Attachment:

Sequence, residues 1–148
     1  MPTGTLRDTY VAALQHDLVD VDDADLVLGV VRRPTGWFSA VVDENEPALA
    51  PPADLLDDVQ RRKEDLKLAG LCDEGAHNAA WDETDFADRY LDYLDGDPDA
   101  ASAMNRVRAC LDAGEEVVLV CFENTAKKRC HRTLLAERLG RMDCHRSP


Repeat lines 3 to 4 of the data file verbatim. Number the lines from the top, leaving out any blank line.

    51  PPADLLDDVQ RRKEDLKLAG LCDEGAHNAA WDETDFADRY LDYLDGDPDA
   101  ASAMNRVRAC LDAGEEVVLV CFENTAKKRC HRTLLAERLG RMDCHRSP